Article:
1. Faculty

Joseph Stillwell

Music Theory and Musicianship

“...complex and yet instantly appealing, gorgeously tonal but not ‘old-fashioned.’” —San Francisco Classical Voice

COURSES TAUGHT

  • Composition Workshop
  • First Year Musicianship
  • Second Year Musicianship
  • First Year Music Theory
  • Second Year Music Theory

EDUCATION

  • MM, San Francisco Conservatory of Music
  • BA, University of Wisconsin, Stevens Point

ENSEMBLES

  • Schola Cantorum of St. Dominic's, 2014–Present

AWARDS AND DISTINCTIONS

  • magna cum laude, University of Wisconsin, Stevens Point

What is your hometown?

Kohler, WI

What are you passionate about outside of music?

I love playing ice hockey. I've played in an adult league for almost two years, and it has been an amazing balance to my more cerebral activities. I also enjoy backpacking, cooking, wine tasting, and reading. I'm also a bit of a political junkie, and amateur cultural critic.

Who were your major teachers?

David Conte (composition), Scott Foglesong (music theory and piano), and Charles Rochester Young (composition).

What question do you wish students would ask sooner rather than later?

I'd suggest asking oneself (or one's teachers) two questions, one for head and one for heart: "What are the practice habits that will pay off the most in the long run?" and "How can I cultivate my sense of aesthetics and taste?"

What was the defining moment when you decided to pursue music as a career?

I actually came to music rather late! My parents enrolled me in band and choir in middle school, and I had had a few years of rudimentary piano before that.

But my freshman year of high school, I heard a friend play George Gershwin's Prelude No. 1 on the piano and became obsessed. I began teaching myself piano, and found a serious piano instructor. In both band and piano lessons, I was instinctively drawn to more modern harmonies, and almost immediately—and with lots of encouragement from my teachers!—began composing.

I remember being nervous about how late I had begun, and how little I knew. But there was no looking back, and no question of what I must do with my life.

If you weren't a musician or teacher, what do you think you would be doing now?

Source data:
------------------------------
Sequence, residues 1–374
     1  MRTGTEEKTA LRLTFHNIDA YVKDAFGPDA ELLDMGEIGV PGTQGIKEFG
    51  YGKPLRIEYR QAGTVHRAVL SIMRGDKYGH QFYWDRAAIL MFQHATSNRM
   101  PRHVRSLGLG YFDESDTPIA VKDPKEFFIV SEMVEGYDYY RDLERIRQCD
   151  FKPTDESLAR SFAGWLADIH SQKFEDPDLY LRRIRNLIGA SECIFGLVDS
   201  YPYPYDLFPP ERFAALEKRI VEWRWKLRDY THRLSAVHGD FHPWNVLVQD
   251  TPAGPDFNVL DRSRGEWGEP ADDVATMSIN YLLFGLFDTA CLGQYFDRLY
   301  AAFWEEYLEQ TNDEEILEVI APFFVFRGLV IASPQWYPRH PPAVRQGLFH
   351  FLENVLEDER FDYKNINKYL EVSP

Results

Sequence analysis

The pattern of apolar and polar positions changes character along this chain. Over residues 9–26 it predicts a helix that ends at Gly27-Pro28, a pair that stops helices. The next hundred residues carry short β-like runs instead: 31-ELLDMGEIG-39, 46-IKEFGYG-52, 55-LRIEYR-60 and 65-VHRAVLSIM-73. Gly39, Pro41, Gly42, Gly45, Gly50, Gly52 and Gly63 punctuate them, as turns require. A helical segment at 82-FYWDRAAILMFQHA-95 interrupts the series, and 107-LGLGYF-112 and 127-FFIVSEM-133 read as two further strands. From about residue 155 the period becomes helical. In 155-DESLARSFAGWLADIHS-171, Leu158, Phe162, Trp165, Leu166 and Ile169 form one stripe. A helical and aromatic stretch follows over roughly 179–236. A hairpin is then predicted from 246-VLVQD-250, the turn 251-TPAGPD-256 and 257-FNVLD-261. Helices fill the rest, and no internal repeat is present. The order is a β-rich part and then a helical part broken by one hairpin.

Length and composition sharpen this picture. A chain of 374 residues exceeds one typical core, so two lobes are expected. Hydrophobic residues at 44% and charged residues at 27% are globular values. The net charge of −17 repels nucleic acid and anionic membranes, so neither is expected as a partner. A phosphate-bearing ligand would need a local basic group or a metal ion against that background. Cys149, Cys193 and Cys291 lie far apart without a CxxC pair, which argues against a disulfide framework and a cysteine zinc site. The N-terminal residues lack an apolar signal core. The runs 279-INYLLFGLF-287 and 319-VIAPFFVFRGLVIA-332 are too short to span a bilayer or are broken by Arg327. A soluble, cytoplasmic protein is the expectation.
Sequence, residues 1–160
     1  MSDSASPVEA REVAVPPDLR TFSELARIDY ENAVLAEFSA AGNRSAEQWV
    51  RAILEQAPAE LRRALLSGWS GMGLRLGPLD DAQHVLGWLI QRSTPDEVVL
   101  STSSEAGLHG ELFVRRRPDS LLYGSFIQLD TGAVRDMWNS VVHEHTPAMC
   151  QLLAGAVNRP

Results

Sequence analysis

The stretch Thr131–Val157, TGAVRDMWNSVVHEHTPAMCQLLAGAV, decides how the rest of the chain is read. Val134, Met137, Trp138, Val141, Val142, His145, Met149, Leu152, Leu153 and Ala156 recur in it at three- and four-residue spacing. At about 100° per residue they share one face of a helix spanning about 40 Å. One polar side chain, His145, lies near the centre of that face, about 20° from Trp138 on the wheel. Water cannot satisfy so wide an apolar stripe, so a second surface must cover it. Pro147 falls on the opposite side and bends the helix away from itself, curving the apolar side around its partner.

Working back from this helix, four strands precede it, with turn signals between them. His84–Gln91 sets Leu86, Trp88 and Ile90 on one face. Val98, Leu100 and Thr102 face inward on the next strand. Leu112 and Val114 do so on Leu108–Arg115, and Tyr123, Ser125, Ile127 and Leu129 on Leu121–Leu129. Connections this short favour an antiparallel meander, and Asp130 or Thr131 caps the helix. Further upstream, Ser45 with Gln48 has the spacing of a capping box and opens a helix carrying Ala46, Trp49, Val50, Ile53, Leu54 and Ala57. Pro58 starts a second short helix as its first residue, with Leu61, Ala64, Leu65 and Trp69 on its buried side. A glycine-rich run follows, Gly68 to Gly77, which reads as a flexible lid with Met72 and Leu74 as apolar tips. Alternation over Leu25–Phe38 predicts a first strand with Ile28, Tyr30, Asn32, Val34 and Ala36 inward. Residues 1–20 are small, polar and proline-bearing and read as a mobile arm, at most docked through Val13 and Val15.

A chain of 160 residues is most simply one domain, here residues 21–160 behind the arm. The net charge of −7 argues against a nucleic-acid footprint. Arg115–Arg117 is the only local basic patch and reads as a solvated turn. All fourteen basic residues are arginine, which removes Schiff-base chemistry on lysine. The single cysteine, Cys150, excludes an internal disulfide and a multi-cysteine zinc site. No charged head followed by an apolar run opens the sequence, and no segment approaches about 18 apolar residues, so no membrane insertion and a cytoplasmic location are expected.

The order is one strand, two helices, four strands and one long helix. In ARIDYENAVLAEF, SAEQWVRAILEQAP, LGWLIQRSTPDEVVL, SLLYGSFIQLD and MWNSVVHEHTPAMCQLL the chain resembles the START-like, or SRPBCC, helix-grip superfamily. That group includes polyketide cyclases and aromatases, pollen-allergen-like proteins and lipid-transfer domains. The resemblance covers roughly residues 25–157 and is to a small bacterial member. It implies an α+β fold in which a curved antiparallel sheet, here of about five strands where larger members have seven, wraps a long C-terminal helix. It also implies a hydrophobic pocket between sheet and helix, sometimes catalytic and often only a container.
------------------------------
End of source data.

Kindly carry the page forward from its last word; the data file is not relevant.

Sadly, I probably would have become a lawyer. Even worse, I probably would have been quite good at it. So naturally, I think it's a huge relief that didn't happen!

From a music history perspective, what year and city are most important to you?

I am quite torn between Paris in the first decade of the 20th century and New York City in the 1930s.

In Paris, Fauré was at the peak of his powers, as was Debussy. Ravel was establishing his own musical maturity. Vaughan Williams comes to study with Ravel, and it changes his career and thus the generation of English composers who follow. It was the dawn of the modern era, but the connection with 19th century aesthetics hadn't yet been irrevocably shattered by the First World War.

New York a few decades later was the epicenter of a burgeoning, truly American compositional style, which was almost singularly embodied in Aaron Copland and his modernist works of the decade—not to mention the close circle of composers, artists, and writers who surrounded him. It was also the decade of Samuel Barber's twenties, one of his more productive periods, and one which set the stage for later masterpieces.

What are your most important collaborations?

This is an admittedly tricky question for a young composer. But I'd say the premiere of my "Songs of Love and Solace" with an all-alumni chamber ensemble, soloist Michael Desnoyers (MM '10), and Jeffrey Thomas conducting. The sacred motets I have composed for Schola Cantorum of St. Dominic's have also been particularly meaningful to me in recent years. And finally, I must mention clarinetist Brenden Guy (MM '10), who has been responsible for bringing a number of my recent chamber works to life.

If you could play only three composers for the rest of your life, who would they be?

I suppose Bach is an obvious choice for sheer quantity, quality, and contrapuntal complexity. But I could play Johannes Brahms, Maurice Ravel, and Aaron Copland the rest of my life and never tire of any of it.

What is your unrealized project?

My biggest unrealized project is to compose a grand opera based on a stunningly true—truly operatic—revenge story from the early history of the American south.